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Countdown competitor The Mad Butcher has made fresh allegations of bullying against the Australian-owned supermarket chain.
It comes after Labour MP Shane Jones alleged Countdown owner Progressive Enterprises had blackmailed suppliers into making retrospective payments to keep products on shelves.
The Commerce Commission is currently investigating allegations of anti-competitive conduct.
Speaking on TV3's The Nation today, Mad Butcher chief executive Michael Morton made further allegations of suppliers being pressured by Countdown.
Asked whether suppliers were being pressured to not deal with his company, Mr Morton said the matter was before the Commerce Commission.
"But I think the New Zealand consumers should make that decision for themselves."
When pressed, Mr Morton said he believed the supply chain was being squeezed.
"Any company that controls 50 per cent of the market in New Zealand has a lot of weight. And if they choose to throw that weight around in an un-New Zealand-type fashion, then I believe that suppliers would definitely be scared to upset them."
Mr Morton was not a supplier to Countdown himself.
"But I've definitely had comments from suppliers where that has been brought up to me, that they had pressure put on them."
There was "a culture of bullying within the whole organisation", Mr Morton said.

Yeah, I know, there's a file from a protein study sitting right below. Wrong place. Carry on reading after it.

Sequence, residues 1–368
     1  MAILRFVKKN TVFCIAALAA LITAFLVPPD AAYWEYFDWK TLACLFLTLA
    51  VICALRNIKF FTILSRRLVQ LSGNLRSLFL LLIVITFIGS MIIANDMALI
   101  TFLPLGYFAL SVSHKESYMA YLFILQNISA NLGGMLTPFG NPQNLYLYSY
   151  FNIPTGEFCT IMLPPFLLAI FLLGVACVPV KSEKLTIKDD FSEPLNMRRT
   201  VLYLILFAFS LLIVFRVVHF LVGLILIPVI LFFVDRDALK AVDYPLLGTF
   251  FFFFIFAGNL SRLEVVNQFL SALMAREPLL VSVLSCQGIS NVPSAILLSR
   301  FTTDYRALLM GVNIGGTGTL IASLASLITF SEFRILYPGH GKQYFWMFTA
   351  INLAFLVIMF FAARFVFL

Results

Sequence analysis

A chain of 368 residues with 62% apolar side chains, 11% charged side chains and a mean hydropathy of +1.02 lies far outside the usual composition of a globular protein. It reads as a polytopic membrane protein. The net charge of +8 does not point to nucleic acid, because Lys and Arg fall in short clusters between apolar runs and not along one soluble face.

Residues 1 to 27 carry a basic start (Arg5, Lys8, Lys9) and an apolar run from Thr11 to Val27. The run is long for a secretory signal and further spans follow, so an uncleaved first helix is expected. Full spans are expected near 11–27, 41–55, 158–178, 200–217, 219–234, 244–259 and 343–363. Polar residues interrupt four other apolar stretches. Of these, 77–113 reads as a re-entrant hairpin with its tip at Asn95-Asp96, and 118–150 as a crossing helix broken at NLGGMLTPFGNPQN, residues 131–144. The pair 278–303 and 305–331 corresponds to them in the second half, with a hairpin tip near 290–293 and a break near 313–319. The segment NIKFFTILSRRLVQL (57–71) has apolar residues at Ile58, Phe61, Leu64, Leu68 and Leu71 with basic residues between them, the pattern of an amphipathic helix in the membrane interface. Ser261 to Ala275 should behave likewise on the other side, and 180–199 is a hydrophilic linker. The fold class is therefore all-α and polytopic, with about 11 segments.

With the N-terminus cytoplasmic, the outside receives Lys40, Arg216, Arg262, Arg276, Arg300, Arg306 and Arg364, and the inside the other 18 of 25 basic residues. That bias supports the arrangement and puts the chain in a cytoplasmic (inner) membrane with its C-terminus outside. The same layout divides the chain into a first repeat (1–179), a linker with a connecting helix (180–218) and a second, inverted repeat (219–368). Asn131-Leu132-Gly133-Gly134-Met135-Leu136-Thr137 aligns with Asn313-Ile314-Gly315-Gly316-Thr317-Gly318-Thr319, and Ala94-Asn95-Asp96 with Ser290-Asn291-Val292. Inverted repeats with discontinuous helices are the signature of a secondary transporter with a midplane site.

The Mad Butcher got "smashed with lawyers' letters" and complaints to the Advertising Standards Authority when the company engaged in comparative advertising claiming its products were cheaper.
"They come down like a sledgehammer with lawyers letters," he said.
"They're being bullies because they believe that they're big and they're powerful, they can send us all these letters, they have lawyers on staff, they have some of the biggest law firms in New Zealand working for them, and they think they can tie you up with that litigation.
"I'm trying to stand up for the little guys here of New Zealand, and say, 'Listen New Zealanders, you should support the little guys here in New Zealand."'
Local Government NZ president and Hastings Mayor Lawrence Yule said supermarkets were also fighting against councils' attempts to limit the hours alcohol could be sold.
He told TV3's The Nation that councils wanted to adopt 9am to 9pm hours, but the default position from supermarkets was for 7am to 11pm.
Countdown in particular had appealed on the basis it wanted supermarkets open until 11pm, and supermarkets had even applied for extended hours in areas like Hauraki where supermarkets were not open after 9pm.
"I think they need to be more cognisant of what local people want," Mr Yule said.
"These are local policies - they're meant to be designed by local communities, that's effectively what the government said - and they've got to recognise that in many cases, a lot of communities around New Zealand are concerned about alcohol-related issues and the hours of operation."
Eighteen local councils were putting through new alcohol policies under the new law. Those policies were subject to more than 60 appeals.
Mr Yule said councils were considering pooling funds to fight the legal battles. The cost of Hauraki's appeal alone was about $20,000.
Countdown declined to appear on The Nation but in a statement, it denied any anti-competitive behaviour and said it was cooperating with the Commerce Commission.
The company said The Mad Butcher was a direct competitor but was welcome to raise concerns about suppliers directly.
On the alcohol issue, the company said it had worked with local councils for months. It had appealed only 13 council plans, which was its legal right. The appeals would help to clarify the new law.